The same friend invited me to a couple of operas and it hit me!  This feels more like real life than theatre.  In fact, it feels more like real life… than life!

Today, friends ask me how can opera be more like real life than life?  I don’t know… to me, it just feels more like real life.  I guess it’s the music.  I still go to the theatre… maybe once a year.  But, I’ve replaced the theatre by music now… symphonies and operas.

For instance, anyone experiencing the despair of the end of a cherished love or the death of a parent or facing one’s own mortality immediately gets the message, even without understanding the lyrics.  In Tosca, the painter Mario Cavaradossi  is told that he has one hour to live and he sits to write a letter to Tosca.  (What would an opera be without a letter scene?)  Only this time, the tenor stops writing the letter to sing the beautiful and haunting E lucevan le stelle (And the stars shone).  The last words, “I have never loved life more.”


Some of my father’s earliest memories were of radio shows in the evening and one of my grandmother’s favourite radio shows featured opera arias and it always ended with Puccini’s O mio babbino caro (Oh, my dear papa).  This aria must have resonated with my grandmother.  In it, we hear Lauretta begging her father to let her marry her love, Rinuccio, who has just been been disinherited by his wealthy uncle.

No doubt, the parallels between Lauretta and my grandmother (Eugénie) were not lost on her.  She would have had to ask her father to marry her love, my grandfather (Giulio), an uneducated Italian immigrant without a history.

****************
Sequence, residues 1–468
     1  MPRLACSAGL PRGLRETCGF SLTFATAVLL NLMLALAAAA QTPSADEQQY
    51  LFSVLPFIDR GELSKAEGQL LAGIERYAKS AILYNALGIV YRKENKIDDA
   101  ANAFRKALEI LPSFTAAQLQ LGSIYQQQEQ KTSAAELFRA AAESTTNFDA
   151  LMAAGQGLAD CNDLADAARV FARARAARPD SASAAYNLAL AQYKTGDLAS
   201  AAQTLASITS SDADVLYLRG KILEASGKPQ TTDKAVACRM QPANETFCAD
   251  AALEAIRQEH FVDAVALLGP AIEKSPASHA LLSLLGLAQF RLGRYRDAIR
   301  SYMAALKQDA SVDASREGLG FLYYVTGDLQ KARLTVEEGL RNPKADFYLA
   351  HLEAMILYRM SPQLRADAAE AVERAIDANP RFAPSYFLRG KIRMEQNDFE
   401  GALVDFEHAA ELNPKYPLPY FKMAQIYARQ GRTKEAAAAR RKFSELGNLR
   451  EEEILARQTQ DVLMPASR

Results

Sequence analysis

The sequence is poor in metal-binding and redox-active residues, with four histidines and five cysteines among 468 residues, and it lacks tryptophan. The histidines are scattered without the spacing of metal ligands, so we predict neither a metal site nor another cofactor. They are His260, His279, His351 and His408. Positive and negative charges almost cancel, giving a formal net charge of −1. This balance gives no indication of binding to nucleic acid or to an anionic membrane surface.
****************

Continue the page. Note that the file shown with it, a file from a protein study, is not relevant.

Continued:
Don’t you love this photo?  Here they are, Eugénie and Giulio, the proud couple with their first born.

By the way, great hats, all!


Giulio, Eugénie and Orlando. (c. 1921)

What perfume might Dame Edith Sitwell have worn in her later years?

Dame Edith Sitwell 1916 by Alvaro Guevara 1894-1951

Dame Edith Sitwell by Alvaro Guevara (1916)

Do you know who Dame Edith Sitwell is?  You don’t?  Are you sure?  Well then, I don’t feel so ignorant because before watching this video, I didn’t know her either.   Of course, my next stop is to find some of her poetry but for now I thought I’d write about the kind of perfume that this grand lady might have worn.

Because of her royal British background, I’m going with a rose perfume but not one of those pink, powdery rose scents, like Paris by Yves Saint-Laurent.  I’m thinking of a deep, boozy red rose note.  And oud!  Yes, oud would be perfect because she has such an earthiness to her.  From my collection, I would have her wear Jo Malone’s Velvet Rose and Oud or Ex Idolo’s Thirty Three, although neither are really oud or dark enough.  If anyone has any suggestions, I would love to hear about them… I’ve always been a bit of a rose-whore myself so it might give me ideas for a fall perfume.

This next interview was on the BBC.  Imagine!  This was tv!  And today, they say we are in the golden age.  I’m not so sure.